The word goes deep down, way back. Faerie is the place or characteristic activity of the fées, and those creatures take their name from Fata, the Roman goddesses or triple-goddess (Parcae, they are also called) of destiny—in a word, Fate. And Fate by any name is one of the most primordial and essential human experiences of life: the experience of being carried along in a great current of Life, along a great Way. When we understand or perceive our fate, we feel that we behold Truth—that which lies behind the world of appearances. We invoke the idea of Fate when we speak of the most intense desires and experiences of our lives: falling in love, the genealogy this may produce (and so the fate of families). It was meant to be, we say, or It had to be. We speak of an individual’s or a people’s fate as shaped by their character or, to put it differently, by that person’s or people’s chief desire. Faerie/Fate and desire are intermingled, and the essential feeling of what I call fantasy—which is whatever medium or text discloses Faerie, or opens it to us—that emotional quintessence is longing and yearning.
Of utmost importance for at least artistic reasons, is that the literary genre we now call fantasy should enfold within itself the fateful longing that is also its total quality. Consider this passage from the first chapter of The Hobbit (emphasis mine):
As they sang the hobbit felt the love of beautiful things made by hands and by cunning and magic moving through him, a fierce and jealous love, the desire of the hearts of dwarves. Then something Tookish woke up inside him, and he wished to go and see the great mountains, and hear the pine-trees and the waterfalls, and explore the caves, and wear a sword instead of a walking stick. He looked out of the window. The stars were out in a dark sky above the trees. He thought of the jewels of the dwarves shining in dark caverns. Suddenly in the wood beyond the water a flame leapt up—probably somebody lighting a wood-fire—and he thought of plundering dragons settling on his quiet Hill and kindling it all to flames. He shuddered; and very quickly he was plain Mr Baggins of Bag-End, Under-Hill, again.
If you know the story, you know how much foreshadowing is present in this paragraph. It comes through in the things of this earth, in basic human craft and in geography: roving in the open weathers of the world: mountains, winds, forests, rivers—all these we will now explore with Bilbo. But look at this finer artistry: it is by catching sight of the stars in the dark night sky (dark, I presume, because it is a night sky without a moon) that he thinks of jewels. This is the organic link in the mind between nature and artifice. Bilbo’s consciousness in this moment is remarkably attuned to his immediate environment and has not by any means escaped into some unconnected fantasy. The same thing happens again: someone lights a fire and this makes him think of the dragon. He is not brought back to where he is; rather, where he is shows him a truthful presentiment of the far-off wonders of the dwarves’ song.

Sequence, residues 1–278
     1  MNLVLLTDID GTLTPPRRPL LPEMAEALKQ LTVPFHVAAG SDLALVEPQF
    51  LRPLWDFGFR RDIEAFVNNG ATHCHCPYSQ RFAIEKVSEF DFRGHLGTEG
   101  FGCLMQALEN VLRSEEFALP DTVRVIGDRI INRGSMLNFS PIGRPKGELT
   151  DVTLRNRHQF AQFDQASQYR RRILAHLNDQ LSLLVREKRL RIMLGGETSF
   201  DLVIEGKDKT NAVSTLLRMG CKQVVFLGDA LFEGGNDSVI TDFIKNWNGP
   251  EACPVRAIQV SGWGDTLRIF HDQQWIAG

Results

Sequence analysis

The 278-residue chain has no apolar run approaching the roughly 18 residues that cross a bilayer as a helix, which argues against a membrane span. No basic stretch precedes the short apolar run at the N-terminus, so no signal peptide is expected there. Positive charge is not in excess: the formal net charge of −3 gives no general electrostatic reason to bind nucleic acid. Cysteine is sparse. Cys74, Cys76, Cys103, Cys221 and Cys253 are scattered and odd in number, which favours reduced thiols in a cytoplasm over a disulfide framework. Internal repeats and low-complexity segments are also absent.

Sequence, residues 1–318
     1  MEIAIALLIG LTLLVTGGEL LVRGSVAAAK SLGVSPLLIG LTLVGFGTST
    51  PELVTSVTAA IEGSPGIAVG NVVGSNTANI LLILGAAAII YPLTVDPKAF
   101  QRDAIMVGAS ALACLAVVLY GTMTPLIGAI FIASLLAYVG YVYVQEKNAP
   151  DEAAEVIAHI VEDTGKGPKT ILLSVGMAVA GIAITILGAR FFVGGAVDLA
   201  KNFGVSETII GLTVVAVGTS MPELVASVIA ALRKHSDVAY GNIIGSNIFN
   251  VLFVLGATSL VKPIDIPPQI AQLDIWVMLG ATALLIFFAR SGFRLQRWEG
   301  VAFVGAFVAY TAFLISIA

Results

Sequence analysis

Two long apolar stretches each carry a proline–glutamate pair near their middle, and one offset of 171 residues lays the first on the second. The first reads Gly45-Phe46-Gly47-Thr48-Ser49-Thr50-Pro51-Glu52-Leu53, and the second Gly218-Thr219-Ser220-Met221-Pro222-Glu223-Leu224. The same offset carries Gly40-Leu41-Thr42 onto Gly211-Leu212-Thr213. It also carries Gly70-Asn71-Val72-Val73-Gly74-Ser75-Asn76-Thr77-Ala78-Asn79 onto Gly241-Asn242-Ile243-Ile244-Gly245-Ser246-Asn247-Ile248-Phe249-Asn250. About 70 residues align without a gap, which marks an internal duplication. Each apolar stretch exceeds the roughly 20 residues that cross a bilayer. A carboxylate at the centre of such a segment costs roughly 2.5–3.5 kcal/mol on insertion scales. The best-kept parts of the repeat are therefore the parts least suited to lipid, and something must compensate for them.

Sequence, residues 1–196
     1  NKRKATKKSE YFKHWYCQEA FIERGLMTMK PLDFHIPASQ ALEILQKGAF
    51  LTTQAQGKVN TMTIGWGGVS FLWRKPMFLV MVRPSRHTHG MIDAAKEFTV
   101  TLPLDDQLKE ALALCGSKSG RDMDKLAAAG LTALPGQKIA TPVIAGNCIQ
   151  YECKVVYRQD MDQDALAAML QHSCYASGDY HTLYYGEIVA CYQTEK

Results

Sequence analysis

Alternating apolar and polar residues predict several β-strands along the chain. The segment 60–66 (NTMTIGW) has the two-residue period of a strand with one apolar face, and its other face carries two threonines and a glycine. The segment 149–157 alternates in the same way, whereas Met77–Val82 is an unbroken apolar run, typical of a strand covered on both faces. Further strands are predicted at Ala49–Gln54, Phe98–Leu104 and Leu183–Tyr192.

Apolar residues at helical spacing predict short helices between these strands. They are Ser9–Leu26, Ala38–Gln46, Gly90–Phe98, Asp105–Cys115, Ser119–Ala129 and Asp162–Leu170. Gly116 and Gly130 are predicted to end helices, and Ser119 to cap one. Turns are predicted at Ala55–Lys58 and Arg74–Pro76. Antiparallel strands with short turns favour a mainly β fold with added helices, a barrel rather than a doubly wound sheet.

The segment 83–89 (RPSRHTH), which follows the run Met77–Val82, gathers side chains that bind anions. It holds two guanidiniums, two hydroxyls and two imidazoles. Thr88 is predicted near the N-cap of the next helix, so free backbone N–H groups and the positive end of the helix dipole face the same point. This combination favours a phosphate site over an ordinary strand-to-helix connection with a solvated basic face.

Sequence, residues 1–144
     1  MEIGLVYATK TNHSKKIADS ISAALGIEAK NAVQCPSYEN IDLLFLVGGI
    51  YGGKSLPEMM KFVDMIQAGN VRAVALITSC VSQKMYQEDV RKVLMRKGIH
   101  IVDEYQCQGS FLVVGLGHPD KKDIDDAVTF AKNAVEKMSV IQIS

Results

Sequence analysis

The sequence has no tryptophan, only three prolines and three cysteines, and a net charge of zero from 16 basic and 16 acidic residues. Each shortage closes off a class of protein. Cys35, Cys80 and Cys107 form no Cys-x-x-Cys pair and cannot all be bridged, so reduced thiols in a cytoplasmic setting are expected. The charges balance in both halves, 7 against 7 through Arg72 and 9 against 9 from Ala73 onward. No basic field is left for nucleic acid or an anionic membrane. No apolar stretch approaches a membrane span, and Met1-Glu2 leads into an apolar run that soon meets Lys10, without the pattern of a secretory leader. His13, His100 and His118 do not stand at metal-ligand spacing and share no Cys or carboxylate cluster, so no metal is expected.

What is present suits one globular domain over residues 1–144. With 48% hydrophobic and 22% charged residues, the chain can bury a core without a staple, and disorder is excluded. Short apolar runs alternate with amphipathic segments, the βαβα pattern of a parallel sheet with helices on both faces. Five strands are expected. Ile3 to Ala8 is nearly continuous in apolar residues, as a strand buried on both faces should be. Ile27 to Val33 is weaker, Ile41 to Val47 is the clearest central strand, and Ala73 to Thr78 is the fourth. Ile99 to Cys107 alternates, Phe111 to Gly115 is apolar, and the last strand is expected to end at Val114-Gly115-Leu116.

So this experience of Faerie that I call fantasy, this yearning for the far and wondrous, may actually be an intense realization of where you are. But fantasy does not restrict itself to the sense of expanse reachable in questing. Not only does Faerie enfold its own feeling of longing for the far-off, it also reduplicates itself interiorly. In other words, there is Faerie within Faerie. Bilbo longs to adventure in Faerie, conceived one way, and so he shall. But there is another Faerie where he will not go. (Actually, when he does finally go there, his story will be over, or it will have passed beyond language.) Here is the narrator of The Hobbit exercising his omniscience when Bilbo and the Dwarves have come upon the elves in Mirkwood (emphasis mine):
The feasting people were Wood-elves, of course. These are not wicked folk. If they have a fault it is distrust of strangers. Though there magic was strong, even in those days they were wary. They differed from the High Elves of the West, and were more dangerous and less wise. For most of them (together with their scattered relations in the hills and mountains) were descended from the ancient tribes that never went to Faerie in the West. There the Light-elves and the Deep-elves and the Sea-elves went and lived for ages, and grew fairer and wiser and more learned, and invented their magic and their cunning craft in the making of beautiful and marvelous things, before some came back into the Wide World. In the Wide World the Wood-elves lingered in the twilight of our Sun and Moon but loved best the stars; and they wandered in the great forests that grew tall in lands that are now lost.